Gambling regulation: the case for managed risk
Toneguzzo, SJ & Copher, K 1996, 'Gambling regulation: the case for managed risk', paper presented to Gaming Industry & Public Welfare Conference proceedings, Peking University, Beijing, China.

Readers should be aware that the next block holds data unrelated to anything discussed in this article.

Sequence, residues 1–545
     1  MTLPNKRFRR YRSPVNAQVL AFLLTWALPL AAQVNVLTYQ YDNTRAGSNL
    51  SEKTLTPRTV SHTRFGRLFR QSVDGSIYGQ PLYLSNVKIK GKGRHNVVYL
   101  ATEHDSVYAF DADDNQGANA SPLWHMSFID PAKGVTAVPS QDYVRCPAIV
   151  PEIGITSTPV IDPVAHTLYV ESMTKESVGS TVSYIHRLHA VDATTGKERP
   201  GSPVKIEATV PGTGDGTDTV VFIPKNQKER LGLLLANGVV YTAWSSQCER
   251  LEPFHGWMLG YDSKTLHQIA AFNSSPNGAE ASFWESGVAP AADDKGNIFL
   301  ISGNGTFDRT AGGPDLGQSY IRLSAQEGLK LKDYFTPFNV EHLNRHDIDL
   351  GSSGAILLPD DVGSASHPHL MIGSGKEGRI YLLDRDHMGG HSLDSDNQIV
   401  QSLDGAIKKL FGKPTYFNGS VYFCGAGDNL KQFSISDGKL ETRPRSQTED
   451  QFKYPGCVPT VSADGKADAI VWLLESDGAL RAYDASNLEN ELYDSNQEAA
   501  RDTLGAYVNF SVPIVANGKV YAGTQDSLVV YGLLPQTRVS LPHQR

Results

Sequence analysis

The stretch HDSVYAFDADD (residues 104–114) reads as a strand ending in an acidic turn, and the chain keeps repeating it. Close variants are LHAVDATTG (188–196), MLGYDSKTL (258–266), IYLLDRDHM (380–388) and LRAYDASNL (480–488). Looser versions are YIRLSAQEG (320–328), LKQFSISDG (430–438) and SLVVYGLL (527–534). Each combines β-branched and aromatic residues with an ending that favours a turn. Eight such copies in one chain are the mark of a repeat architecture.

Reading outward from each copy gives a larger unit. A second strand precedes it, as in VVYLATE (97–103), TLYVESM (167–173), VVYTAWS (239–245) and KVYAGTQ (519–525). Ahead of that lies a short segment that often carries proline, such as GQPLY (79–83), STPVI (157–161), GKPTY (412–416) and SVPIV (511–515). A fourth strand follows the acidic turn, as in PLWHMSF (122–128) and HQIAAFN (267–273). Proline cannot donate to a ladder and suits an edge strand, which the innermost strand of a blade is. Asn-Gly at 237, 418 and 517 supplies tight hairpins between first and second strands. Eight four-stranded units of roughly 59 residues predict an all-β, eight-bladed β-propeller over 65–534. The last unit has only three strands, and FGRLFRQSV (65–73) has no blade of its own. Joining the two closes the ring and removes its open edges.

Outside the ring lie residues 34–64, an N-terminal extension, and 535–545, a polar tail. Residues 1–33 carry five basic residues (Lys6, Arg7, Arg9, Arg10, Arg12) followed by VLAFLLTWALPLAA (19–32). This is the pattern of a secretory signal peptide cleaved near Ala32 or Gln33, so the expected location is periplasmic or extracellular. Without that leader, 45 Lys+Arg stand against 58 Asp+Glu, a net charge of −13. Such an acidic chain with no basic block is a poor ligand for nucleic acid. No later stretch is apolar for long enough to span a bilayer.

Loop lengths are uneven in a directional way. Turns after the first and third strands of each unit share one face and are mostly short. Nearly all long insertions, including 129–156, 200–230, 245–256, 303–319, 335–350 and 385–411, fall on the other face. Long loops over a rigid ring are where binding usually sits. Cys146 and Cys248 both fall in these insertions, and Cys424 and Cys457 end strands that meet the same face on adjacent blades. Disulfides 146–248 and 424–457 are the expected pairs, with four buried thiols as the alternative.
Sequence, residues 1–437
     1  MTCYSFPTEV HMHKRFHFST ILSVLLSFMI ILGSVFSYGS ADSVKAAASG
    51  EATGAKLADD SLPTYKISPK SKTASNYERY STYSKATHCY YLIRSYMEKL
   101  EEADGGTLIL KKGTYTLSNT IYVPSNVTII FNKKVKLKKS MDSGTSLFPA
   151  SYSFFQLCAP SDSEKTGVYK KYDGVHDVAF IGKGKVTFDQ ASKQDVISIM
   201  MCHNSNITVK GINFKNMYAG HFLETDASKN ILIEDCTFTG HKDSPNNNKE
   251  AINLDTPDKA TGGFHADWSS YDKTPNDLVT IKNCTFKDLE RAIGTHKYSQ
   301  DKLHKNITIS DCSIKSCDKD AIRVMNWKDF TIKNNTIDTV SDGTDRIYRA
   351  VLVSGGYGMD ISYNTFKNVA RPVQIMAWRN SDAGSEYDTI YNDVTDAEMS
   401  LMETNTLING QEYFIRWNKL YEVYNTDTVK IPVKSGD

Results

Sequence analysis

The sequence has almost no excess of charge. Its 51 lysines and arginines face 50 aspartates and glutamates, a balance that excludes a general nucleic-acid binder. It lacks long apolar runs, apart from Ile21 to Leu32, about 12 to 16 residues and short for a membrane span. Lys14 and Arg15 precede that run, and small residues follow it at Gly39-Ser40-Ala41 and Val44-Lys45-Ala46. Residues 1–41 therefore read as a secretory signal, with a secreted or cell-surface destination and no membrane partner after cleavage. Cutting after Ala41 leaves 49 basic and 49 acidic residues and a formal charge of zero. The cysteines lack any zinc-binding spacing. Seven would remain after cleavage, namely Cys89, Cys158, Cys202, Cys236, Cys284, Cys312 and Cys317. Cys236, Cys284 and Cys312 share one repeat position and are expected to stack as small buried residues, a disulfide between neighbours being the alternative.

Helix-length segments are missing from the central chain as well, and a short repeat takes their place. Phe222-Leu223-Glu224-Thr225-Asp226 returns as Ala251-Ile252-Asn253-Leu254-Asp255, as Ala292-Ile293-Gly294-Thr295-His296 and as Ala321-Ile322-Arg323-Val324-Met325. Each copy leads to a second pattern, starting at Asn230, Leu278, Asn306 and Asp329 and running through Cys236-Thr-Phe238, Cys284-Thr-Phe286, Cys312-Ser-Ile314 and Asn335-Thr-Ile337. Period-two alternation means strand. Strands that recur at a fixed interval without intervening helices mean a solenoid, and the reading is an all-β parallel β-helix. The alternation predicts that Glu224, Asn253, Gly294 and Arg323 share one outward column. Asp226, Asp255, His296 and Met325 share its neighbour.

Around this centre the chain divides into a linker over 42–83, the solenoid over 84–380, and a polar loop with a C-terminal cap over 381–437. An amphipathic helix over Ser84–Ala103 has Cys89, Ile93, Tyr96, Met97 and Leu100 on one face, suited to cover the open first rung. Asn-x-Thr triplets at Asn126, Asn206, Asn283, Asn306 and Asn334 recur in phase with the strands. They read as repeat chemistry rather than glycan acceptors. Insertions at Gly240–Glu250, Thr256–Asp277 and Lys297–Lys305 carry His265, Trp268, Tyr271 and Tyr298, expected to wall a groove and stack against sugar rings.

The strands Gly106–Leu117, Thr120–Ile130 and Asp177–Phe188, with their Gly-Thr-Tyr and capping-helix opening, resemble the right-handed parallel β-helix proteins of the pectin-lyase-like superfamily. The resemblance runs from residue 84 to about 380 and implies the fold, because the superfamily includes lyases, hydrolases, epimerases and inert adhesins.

The economic case for establishing a legal gambling industry is compelling and proven: investment, job creation, service industry growth and taxation. The counter arguments are generally centered on financial control (money laundering and payment of tax) and public welfare (crime and problem gambling). In order to realize the benefits, it is essential that government establish and maintain public confidence by acknowledging the risks, determining policy and establishing adequate controls to manage and mitigate risks. This paper will outline the path to establishing a legal gambling environment and in doing so, we will explore key policy areas, the risks to realizing the policy and critical factors in maintaining trust and public confidence. As most forms of gambling, financial and hospitality systems today are aided or controlled by technology, this paper will concentrate on technological controls and explore how rapidly evolving gambling technology can tend to drive public policy and push the limits of a government’s ability to regulate.